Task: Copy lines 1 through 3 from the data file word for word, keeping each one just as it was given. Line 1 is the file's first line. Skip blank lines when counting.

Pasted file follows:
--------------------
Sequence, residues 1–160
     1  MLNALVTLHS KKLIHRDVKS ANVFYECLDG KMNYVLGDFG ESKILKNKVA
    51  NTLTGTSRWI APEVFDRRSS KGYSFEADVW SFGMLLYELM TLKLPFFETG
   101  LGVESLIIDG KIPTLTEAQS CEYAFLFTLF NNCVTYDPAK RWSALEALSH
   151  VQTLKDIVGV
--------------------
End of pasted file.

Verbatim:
Sequence, residues 1–160
     1  MLNALVTLHS KKLIHRDVKS ANVFYECLDG KMNYVLGDFG ESKILKNKVA
    51  NTLTGTSRWI APEVFDRRSS KGYSFEADVW SFGMLLYELM TLKLPFFETG